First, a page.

A Wizard of Earthsea by Ursula K. Le Guin

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Began Reading: July 24, 2014

Finished Reading: August 02, 2014

Number of Pages: 266 pages [newest paperback]

Rating: ★★★☆☆

Recommended for: People interested in vintage fantasy, coming of age stories. This is technically YA but it is nothing like current YA.

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Getting in fights on facebook with people incapable of empathy. Just another day.



pbwriting:

Love this idea for writing prompts!

pbwriting:

Love this idea for writing prompts!

(via wenchingwithshakespeare)


A work in progress

I’m going to try and get two more book reviews up today. A Wizard of Earthsea by Ursula K. Le Guin and Sold by Patricia McCormick.

Also, me and some friends are reading 50 Shades of Grey for laughs. Does anyone want me to do running commentary of that on here or just the normal review?


Book Review: Fortune’s Pawn by Rachel Bach

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Began Reading: May 09, 2014

Finished Reading: May 16, 2014

Number of Pages: 320 [paperback]

Rating: ★★★☆☆

Recommended for: Those who like sci-fi, space travel, space marines, action, and mystery/conspiracy.

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(via abookislife)


fishingboatproceeds:

aliewa:

grouchythefish:

ladyofpurple:

I like how the original title for The Fault in Our Stars is all poetic and then the Norwegians just translated it to “fuck destiny” and I think that’s beautiful

Aw man, I thought for sure this had to be bullshit but nope


Why is it always Norway

Norway, a nation where you can put the word “fuck” on the cover of a young adult novel.

fishingboatproceeds:

aliewa:

grouchythefish:

ladyofpurple:

I like how the original title for The Fault in Our Stars is all poetic and then the Norwegians just translated it to “fuck destiny” and I think that’s beautiful

Aw man, I thought for sure this had to be bullshit but nope

image

Why is it always Norway

Norway, a nation where you can put the word “fuck” on the cover of a young adult novel.


809:

why is this so hard for people to understand

(via gaberforththegrey)


Still Alive

So, I took a very long unannounced hiatus from tumblr. I guess I was feeling burnt out and I had and still have a lot of stuff going on which are a higher priority than a blog.

There are some people on here I was supposed to beta read for and I’m sorry for just disappearing. Not that it makes it better but I’ve read 2 books since April so I wasn’t on my game in my personal life either.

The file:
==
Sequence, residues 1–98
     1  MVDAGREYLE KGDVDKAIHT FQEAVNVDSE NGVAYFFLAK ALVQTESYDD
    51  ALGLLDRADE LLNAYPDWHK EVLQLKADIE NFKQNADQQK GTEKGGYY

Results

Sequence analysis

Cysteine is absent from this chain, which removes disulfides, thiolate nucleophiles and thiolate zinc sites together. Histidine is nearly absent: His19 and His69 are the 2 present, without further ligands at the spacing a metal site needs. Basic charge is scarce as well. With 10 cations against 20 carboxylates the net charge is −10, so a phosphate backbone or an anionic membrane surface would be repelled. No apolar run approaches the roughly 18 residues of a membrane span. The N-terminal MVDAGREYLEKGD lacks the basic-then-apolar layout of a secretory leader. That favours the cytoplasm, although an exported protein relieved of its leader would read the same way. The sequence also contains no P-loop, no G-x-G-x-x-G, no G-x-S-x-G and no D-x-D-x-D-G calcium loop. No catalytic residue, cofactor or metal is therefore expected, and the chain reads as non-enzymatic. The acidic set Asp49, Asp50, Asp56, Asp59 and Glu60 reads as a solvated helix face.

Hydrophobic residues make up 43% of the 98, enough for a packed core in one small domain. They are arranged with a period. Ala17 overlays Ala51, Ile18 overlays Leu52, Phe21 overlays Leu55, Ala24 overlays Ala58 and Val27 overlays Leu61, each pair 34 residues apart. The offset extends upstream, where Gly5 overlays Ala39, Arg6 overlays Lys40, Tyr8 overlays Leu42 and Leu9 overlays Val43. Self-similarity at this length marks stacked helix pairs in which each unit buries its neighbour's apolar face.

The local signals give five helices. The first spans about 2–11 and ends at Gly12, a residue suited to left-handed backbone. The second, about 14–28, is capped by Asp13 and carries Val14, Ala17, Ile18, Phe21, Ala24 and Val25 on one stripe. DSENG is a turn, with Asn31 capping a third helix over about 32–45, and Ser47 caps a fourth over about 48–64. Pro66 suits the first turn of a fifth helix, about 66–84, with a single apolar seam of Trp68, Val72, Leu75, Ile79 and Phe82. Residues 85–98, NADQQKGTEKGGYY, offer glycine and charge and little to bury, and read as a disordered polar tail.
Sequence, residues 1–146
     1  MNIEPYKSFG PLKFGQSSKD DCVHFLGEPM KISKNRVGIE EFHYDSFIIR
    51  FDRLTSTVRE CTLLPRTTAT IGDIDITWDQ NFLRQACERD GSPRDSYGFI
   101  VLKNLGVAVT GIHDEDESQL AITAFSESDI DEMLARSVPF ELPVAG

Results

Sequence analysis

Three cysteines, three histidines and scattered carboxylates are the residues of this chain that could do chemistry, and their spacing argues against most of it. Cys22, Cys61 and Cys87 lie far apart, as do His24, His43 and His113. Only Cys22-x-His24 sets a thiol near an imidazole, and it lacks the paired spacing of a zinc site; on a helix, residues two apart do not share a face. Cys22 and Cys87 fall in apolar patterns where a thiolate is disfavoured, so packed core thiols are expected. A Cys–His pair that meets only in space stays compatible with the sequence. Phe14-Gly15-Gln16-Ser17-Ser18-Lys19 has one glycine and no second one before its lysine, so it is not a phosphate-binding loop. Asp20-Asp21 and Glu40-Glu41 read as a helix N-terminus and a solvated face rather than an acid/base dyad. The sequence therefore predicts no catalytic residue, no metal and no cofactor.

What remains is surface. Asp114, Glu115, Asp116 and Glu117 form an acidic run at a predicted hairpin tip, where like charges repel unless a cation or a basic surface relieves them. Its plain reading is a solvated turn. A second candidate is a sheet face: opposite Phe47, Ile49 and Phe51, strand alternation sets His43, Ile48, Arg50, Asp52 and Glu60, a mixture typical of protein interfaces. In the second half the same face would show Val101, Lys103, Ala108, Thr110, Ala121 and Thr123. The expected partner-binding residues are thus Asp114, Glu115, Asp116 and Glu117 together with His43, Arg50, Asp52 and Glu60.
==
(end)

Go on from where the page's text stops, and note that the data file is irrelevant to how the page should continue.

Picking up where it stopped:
Anyway, I’ve tentatively returned.


Lothórien fools us to some extent, by appearing to awe and tame Boromir - though it is never said that it has - and the Great River fools us too. The Fellowship appears to be sliding united along its current to a single end. But you always have to watch Tolkien with water. He never uses it unmeaningfully. Pools and lakes mirror stars, and hold hidden things. This Anduin has contrasting banks and, moreover, reeks of history. In a way it is history, and the Fellowship is going with its current, to break up in confusion at the falls of Rauros. It is worth pointing out that when Aragorn later uses the same river, he comes up it, against the current, changing a course of events that seems inevitable.

Diana Wynne Jones, “The Shape of the Narrative in The Lord of the Rings,” Reflections

marked down in my copy due to my own obsessions with bodies of water and the weight of history both, but shared to tumblr more with the last sentence about aragorn and the people who will love it in mind.

(via sea-change)

(via literarynerd)


jolly-plaguefather:

cousinborris:

This is a brilliant idea

… THIS IS THE BEST THING. I NEED THIS DONE NOW! ALRIGHT, PUBLISHERS, COME TAKE ALL MY BOOKS AWAY AND FIX THEM! MAKE THEM SO I CAN DO THAT!

jolly-plaguefather:

cousinborris:

This is a brilliant idea

… THIS IS THE BEST THING. I NEED THIS DONE NOW! ALRIGHT, PUBLISHERS, COME TAKE ALL MY BOOKS AWAY AND FIX THEM! MAKE THEM SO I CAN DO THAT!

(via acrossmyfictionaluniverse)


moonlessblac-knight:

this is beyond perfect, she is beyond perfect

(via literarynerd)